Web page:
Social Well-Being Tracker

Our social well-being indicators are based on social determinants of health. These indicators are the economic and social conditions that shape the health of individuals and communities. Social determinants of health also determine the extent to which a person possesses the physical, social, and personal resources to identify and achieve personal aspirations, satisfy needs, and cope with the environment. Social determinants of health are about the quantity and quality of a variety of resources that society makes available to its members. Important considerations include both the quality and their distribution amongst the population. 1

BDGovernment Transfer Indicators

BD9 Source of Government Transfers, Single Adults, Edmonton CMA, 2018

BDGovernment Transfer Indicators

Government Transfers. Government income supports (also known as income transfers), as well as other social programs and services, play an important role in the prevention of poverty.

For many people, hard work is not enough to break the cycle of poverty. Barriers to accessing well-paid employment include: limited English language proficiency, lower education completion, unrecognized international credentials, social isolation, limited access to child care, conflicting work and family responsibilities, and even the difficulties of navigating government programs. These barriers disproportionately affect visible minority groups (particularly newcomers), Indigenous peoples, persons with disabilities, and lone-parent women.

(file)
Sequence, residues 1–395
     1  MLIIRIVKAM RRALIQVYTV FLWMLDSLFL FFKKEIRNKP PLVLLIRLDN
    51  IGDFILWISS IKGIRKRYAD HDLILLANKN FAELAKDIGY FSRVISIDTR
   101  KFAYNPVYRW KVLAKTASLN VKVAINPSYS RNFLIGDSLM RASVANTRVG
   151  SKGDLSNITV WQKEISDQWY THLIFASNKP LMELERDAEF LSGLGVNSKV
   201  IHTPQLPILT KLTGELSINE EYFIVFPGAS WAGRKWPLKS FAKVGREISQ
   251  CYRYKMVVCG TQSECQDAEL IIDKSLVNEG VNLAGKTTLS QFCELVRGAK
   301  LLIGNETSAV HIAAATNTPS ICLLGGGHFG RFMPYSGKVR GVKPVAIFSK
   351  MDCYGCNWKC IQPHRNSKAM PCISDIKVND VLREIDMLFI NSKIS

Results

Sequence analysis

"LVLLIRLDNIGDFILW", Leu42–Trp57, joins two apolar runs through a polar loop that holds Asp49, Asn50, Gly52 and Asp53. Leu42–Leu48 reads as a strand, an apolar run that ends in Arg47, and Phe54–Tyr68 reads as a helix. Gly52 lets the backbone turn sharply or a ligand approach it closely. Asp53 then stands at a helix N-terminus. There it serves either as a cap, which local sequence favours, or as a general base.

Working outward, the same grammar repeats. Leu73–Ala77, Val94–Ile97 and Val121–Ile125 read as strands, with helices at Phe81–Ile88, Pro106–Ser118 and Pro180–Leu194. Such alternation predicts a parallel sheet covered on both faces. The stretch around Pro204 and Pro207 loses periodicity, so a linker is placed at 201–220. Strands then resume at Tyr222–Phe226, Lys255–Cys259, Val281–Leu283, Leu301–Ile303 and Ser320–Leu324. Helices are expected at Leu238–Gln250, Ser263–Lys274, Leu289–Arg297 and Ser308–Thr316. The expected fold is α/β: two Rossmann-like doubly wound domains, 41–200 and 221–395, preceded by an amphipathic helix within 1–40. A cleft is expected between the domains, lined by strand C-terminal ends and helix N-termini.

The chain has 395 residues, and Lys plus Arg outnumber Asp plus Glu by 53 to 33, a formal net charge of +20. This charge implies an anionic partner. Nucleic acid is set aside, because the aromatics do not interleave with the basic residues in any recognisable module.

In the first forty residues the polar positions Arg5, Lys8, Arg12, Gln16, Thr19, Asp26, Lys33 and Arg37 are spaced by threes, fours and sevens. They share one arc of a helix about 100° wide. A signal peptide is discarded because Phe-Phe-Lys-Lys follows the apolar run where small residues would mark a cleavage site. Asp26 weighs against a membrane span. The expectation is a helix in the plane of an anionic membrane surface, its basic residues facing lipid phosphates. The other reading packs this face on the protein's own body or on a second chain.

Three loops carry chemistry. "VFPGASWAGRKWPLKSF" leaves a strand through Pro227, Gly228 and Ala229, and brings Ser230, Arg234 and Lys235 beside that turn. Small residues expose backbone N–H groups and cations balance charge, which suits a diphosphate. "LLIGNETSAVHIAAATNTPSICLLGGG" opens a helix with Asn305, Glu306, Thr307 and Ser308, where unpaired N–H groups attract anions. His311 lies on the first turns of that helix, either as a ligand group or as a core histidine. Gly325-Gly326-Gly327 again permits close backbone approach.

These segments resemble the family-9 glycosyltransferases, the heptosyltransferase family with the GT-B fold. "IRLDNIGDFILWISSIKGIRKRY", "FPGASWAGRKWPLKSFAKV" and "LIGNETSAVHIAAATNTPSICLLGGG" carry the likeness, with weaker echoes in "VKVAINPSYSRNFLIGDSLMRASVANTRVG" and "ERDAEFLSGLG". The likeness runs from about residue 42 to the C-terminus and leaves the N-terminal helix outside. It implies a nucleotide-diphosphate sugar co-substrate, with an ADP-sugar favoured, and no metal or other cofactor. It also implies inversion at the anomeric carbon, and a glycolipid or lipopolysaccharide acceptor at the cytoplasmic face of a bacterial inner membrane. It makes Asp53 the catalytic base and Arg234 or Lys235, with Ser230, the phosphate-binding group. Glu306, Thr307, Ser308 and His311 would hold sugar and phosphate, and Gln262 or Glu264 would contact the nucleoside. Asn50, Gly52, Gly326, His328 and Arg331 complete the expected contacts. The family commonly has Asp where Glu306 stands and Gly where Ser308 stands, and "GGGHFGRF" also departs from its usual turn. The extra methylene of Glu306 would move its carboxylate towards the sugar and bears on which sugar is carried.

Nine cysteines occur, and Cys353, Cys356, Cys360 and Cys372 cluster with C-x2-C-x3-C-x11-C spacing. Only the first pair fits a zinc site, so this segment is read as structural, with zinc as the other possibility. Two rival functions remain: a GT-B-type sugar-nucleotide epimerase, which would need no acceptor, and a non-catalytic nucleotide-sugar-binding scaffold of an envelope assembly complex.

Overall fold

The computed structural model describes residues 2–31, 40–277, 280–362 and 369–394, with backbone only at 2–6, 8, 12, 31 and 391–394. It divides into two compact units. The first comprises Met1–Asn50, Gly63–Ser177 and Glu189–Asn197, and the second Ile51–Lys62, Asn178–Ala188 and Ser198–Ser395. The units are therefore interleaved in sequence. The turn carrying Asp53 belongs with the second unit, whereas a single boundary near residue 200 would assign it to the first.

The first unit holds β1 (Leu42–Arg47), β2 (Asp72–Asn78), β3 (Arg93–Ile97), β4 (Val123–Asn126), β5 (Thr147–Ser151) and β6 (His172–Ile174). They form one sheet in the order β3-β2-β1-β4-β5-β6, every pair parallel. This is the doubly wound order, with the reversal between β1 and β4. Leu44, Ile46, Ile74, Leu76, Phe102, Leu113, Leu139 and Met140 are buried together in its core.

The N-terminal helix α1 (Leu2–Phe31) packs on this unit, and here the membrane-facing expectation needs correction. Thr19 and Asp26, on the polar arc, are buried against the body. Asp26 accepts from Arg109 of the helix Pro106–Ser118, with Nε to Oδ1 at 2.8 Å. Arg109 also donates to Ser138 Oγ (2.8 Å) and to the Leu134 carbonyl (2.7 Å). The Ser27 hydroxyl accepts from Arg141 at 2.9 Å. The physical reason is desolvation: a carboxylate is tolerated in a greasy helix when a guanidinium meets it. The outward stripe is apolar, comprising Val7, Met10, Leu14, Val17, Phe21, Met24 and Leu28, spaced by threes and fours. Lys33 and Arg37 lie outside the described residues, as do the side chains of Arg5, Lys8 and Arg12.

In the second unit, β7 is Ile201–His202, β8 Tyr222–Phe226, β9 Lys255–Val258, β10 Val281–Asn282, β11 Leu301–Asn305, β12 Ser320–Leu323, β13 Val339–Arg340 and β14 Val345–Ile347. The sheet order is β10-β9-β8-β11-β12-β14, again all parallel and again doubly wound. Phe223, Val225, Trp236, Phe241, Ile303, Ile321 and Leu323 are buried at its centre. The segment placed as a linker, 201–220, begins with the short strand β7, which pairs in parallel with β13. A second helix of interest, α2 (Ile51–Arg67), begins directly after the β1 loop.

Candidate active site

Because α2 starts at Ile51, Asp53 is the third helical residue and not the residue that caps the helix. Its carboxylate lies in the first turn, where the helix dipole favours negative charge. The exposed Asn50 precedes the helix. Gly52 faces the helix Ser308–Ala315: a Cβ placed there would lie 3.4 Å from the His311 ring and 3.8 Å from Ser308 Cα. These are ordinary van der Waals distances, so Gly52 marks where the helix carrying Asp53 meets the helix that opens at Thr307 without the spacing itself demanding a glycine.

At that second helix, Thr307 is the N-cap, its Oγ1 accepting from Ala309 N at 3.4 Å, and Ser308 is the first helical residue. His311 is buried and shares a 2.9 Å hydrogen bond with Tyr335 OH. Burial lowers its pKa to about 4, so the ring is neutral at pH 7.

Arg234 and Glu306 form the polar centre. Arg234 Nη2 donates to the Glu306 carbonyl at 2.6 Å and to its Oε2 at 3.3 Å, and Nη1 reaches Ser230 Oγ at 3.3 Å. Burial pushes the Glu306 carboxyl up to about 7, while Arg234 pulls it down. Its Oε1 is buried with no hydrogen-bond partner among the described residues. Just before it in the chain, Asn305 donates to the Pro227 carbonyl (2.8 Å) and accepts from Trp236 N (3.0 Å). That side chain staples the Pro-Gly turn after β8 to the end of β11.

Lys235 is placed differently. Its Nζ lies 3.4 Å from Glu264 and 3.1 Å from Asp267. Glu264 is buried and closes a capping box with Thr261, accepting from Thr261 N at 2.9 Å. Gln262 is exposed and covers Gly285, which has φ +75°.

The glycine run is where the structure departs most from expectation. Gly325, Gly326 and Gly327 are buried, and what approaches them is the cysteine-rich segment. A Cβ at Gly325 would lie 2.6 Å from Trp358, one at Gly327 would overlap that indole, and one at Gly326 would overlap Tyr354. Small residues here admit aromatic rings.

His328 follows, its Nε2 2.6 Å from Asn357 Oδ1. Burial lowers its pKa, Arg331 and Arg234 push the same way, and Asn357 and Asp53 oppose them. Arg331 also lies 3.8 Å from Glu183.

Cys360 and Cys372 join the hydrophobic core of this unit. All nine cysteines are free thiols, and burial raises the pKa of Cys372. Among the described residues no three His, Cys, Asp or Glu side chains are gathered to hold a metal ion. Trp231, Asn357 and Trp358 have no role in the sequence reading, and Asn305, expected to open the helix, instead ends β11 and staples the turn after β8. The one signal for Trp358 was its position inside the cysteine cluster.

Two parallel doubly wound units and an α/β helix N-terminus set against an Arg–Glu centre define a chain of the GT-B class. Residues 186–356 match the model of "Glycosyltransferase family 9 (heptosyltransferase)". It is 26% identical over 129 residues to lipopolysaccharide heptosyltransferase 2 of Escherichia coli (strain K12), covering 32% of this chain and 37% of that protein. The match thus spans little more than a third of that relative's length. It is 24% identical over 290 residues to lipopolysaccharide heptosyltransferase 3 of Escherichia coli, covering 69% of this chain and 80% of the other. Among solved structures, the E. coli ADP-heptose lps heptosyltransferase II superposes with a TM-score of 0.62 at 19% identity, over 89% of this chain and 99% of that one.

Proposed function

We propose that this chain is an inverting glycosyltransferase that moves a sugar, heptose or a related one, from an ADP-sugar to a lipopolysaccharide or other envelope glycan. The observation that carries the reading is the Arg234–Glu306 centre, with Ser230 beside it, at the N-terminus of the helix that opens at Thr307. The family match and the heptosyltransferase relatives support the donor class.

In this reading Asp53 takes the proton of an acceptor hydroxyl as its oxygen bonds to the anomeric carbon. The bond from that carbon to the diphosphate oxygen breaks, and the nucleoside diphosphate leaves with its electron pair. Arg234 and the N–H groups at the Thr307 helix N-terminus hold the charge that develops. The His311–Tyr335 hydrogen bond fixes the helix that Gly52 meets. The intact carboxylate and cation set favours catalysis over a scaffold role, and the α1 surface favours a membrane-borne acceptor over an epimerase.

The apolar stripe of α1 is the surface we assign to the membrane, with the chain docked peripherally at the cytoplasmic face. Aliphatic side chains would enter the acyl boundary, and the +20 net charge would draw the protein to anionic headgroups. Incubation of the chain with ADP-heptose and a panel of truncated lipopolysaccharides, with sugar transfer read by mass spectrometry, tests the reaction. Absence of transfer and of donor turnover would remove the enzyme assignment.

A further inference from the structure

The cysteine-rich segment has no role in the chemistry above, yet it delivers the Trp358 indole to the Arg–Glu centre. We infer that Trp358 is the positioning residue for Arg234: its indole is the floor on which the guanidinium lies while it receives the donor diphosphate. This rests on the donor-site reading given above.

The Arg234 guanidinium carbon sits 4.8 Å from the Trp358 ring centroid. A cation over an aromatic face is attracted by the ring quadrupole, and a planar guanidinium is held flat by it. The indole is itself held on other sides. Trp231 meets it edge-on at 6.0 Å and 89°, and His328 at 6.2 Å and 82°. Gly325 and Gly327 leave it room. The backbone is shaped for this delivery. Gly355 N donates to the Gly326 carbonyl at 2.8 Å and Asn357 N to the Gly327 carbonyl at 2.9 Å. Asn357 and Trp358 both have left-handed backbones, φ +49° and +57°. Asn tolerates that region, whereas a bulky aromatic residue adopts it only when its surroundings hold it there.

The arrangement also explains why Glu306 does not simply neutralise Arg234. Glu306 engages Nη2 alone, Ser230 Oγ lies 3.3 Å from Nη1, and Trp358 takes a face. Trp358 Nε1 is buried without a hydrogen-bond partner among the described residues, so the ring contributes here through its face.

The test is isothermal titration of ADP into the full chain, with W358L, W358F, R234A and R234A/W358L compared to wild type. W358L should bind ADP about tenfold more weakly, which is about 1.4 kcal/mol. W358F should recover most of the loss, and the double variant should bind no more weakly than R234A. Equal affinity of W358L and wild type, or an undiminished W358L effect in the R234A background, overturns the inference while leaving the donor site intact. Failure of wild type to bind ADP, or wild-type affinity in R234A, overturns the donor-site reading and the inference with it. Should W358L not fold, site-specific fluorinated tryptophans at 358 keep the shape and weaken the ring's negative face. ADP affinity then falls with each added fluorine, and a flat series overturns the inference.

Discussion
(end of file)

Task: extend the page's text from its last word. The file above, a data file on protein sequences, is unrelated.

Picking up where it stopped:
BD9 Source of Government Transfers, Single Adults, Edmonton CMA, 2018

  • Retirement income is the largest source of government transfers for single adults.
  • For single adults of all ages in the Edmonton CMA, in the 2019 tax year government transfers comprised 16.5% of total income.
  • The two largest components of government transfers for single adults was retirement income from CPP and OAS/GIS.
  • Because eligibility for CPP, OAS, and GIS does not start until the age of 65, there is a paucity of supports for single adults who are still of working age.

This data has been collected from external sources and should not always be attributed to ESPC. We would be happy to provide you with a specific reference for the data that you have used. Please click on the text to the right to request sourcing information, report an error or omission, or provide your comments

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